3. Do we have classes at church? If so, I hardly see the need for another class. I’m not sure I see the need for a devo regardless of group purpose (many will disagree with me). I think, rather, in a church with classes the goal should be pastoral and service oriented. The best way to truly grow close to others and to grow spiritually is not through studying six questions about the sermon. It’s to serve together — doing something. Cut an elderly lady’s yard, maybe even a non-member. Find a social service agency that needs volunteers at night. Begin a mentoring program for young members. Tutor at the housing projects. Do something worthwhile, in the name of Jesus, as a group, and you’ll accomplish many of the other possible goals better. Don’t just be a party preceded by a bad devo.
4. But if you have no Bible classes, you may well need a groups ministry that accomplishes many of the same functions as a class. And this can be very effective. Indeed, for many churches this is how they do the Simple Church: Returning to God’s Process for Making Disciples model. They meet to worship, and they do class in the homes through small groups. The classes are real classes but designed to be accessible to de-churched and maybe even unchurched.
5. Don’t get hung up on a single model. In many churches, if not most, you likely need several group types, and should be prepared to equip leaders for more than one kind of group. A singles small group may be all about being relationships and bringing in more singles through a social network. And just having a safe, Christian environment for finding and building friendships may be a great and necessary service for young singles. For new Christians, classes in a home setting may be a great way to accelerate their maturity. For teens and college students, groups with adults who can serve as mentors may be very key, provided the studies speak to the needs of that age group. And service-oriented groups work for all ages and even for new members. And some people may well hunger for smaller accountability groups to go deeper into their walk with Jesus.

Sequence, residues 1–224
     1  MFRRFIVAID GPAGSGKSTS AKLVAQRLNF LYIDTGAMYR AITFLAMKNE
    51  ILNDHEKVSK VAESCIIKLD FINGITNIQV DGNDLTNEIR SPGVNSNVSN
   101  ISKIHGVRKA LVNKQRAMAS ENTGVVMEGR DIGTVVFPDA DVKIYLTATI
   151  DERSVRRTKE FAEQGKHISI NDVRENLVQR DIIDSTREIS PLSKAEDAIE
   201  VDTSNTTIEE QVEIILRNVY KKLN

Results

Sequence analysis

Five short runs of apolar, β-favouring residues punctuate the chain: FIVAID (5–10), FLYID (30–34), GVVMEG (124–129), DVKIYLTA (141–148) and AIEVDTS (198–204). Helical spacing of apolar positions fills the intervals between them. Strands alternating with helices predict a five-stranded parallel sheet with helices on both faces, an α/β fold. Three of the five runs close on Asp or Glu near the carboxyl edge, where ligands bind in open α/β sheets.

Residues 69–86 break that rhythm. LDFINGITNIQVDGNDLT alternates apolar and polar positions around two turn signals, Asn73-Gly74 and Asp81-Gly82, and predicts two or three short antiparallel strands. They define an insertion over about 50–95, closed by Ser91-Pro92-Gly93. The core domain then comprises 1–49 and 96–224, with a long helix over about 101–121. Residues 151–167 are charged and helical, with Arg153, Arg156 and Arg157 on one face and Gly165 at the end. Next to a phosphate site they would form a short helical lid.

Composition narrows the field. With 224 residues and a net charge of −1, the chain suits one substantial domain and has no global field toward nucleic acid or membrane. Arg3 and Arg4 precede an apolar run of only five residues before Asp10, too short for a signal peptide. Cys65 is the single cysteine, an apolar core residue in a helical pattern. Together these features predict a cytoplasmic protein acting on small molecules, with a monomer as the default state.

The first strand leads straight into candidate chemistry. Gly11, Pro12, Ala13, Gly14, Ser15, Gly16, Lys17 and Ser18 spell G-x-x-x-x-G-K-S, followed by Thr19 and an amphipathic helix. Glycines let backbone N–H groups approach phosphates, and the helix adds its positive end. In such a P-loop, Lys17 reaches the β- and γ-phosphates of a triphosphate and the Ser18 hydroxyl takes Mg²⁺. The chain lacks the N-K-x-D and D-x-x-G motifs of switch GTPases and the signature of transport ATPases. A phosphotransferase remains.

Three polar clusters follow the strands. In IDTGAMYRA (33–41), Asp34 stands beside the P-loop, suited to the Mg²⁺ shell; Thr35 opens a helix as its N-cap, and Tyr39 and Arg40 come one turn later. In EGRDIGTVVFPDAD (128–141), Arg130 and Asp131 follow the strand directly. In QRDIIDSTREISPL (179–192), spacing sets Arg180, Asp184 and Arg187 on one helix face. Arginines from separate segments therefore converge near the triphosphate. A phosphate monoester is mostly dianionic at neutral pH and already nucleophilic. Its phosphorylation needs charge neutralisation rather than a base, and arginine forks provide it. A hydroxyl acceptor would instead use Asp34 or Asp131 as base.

6. You can train leaders in a class setting, but once the groups get going, they should be coached in very small groups — following Jay’s lunch table rule: no more in the meeting than will fit around a table at lunch, that is, four or so. The biggest reason is that a leader will refuse to discuss personality issues and child care issues and such in a group of 30 group leaders, but will gladly seek advice in a very small group. Therefore, the small groups leader must gather his leaders for coaching in groups of three or so, over lunch or breakfast. He can do large announcements and training once in a while, often by email. Real coaching has to be nearly one on one. And this, I think, is another of those critical mistakes many leaders make. You can’t mass produce small group leaders.
And so, readers, what’s been your experience? What kinds of group ministries have been beneficial to you and others? What kinds have missed the mark? What mistakes should the leader of a new group ministry avoid? What examples should he emulate?